Taxonomic status:Accepted

Occurrence status:Present

Establishment means:Introduced

Annual or perennial herbs (sometimes basally woody), rarely (not in Australia) dwarf shrubs, glabrous to hairy, often viscid. Leaves opposite; bracts herbaceous to slightly scarious. Flowers in terminal dichasia, or solitary, 5-merous, unisexual or bisexual; epicalyx absent; calyx tubular, 10–30-veined, not winged nor scarious between veins, 5-lobed; petals emarginate to bifid, usually exceeding calyx; coronal scales present or absent; stamens 10; ovary 1-celled, but often basally 3–5-celled, with many ovules, styles 3–5. Capsule subglobose to narrow-ovoid, opening by 5–10 teeth; carpophore very short to as long as capsule; seeds numerous, more or less reniform, tuberculate to finely striate-rugulose.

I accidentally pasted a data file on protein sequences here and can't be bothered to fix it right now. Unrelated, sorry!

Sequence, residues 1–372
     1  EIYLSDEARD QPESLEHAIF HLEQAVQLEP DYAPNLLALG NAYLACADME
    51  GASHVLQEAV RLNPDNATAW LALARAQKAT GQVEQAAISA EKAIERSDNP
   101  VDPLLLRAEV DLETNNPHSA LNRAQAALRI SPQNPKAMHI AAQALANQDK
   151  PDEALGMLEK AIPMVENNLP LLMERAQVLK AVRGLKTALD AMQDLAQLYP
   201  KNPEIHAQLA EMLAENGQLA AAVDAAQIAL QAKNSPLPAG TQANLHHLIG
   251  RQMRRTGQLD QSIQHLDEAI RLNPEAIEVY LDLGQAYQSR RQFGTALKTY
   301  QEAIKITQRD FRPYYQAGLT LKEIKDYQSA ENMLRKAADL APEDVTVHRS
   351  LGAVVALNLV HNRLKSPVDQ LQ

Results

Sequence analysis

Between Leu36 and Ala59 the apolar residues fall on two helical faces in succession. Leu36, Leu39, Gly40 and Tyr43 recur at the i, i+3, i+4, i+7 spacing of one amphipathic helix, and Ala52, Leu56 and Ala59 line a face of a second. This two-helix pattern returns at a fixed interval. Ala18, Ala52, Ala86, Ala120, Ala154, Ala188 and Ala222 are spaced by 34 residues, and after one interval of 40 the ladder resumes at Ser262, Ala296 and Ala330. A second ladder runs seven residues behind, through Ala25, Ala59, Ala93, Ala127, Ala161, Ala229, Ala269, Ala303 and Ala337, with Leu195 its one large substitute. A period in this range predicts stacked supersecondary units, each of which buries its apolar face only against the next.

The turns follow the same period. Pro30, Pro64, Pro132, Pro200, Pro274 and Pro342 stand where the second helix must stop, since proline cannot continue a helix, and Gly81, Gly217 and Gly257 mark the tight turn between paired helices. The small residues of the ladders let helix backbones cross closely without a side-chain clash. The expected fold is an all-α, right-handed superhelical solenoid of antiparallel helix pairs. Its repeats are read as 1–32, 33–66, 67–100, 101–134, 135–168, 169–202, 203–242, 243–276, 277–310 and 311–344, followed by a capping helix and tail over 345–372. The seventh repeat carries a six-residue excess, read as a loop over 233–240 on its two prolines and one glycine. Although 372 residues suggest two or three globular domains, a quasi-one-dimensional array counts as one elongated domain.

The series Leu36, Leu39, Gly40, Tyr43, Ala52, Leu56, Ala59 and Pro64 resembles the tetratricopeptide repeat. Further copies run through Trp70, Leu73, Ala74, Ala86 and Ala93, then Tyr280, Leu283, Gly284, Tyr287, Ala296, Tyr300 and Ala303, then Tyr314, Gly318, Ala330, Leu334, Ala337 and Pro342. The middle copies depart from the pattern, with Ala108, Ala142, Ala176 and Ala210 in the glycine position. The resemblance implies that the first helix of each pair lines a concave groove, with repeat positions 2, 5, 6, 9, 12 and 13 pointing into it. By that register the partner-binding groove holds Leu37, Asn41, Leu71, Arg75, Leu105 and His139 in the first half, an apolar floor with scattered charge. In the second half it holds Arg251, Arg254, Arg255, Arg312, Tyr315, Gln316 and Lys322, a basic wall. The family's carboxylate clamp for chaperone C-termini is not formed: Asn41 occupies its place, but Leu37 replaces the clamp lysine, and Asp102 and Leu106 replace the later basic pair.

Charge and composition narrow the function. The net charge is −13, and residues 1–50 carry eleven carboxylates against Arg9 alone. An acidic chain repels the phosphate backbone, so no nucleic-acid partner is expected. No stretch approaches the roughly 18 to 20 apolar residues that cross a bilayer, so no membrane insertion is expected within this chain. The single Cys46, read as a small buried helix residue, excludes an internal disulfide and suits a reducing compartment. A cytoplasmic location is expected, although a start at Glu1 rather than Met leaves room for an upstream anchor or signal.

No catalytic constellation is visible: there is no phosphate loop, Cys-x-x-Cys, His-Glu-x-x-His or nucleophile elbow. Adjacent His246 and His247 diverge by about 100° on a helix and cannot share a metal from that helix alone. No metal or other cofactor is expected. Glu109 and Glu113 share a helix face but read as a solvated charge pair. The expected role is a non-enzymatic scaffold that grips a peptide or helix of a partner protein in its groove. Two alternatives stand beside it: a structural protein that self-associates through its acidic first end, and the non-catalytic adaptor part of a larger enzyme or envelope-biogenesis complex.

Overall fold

Some 700 species, widespread in the Northern Hemisphere but with a concentration of taxa in the Mediterranean region; about 20 species recorded as present outside of cultivation in Australia.

The genus is of minor economic importance for the horticultural interest in some of the campions and catchflies; a few of these, amongst others, have become weeds of agriculture.

Source: Adams, L.G. (1996). Caryophyllaceae. In: Walsh, N.G.; Entwisle, T.J. (eds), Flora of Victoria Vol. 3, Dicotyledons Winteraceae to Myrtaceae. Inkata Press, Melbourne.
Updated by: Val Stajsic, 2019-12-13
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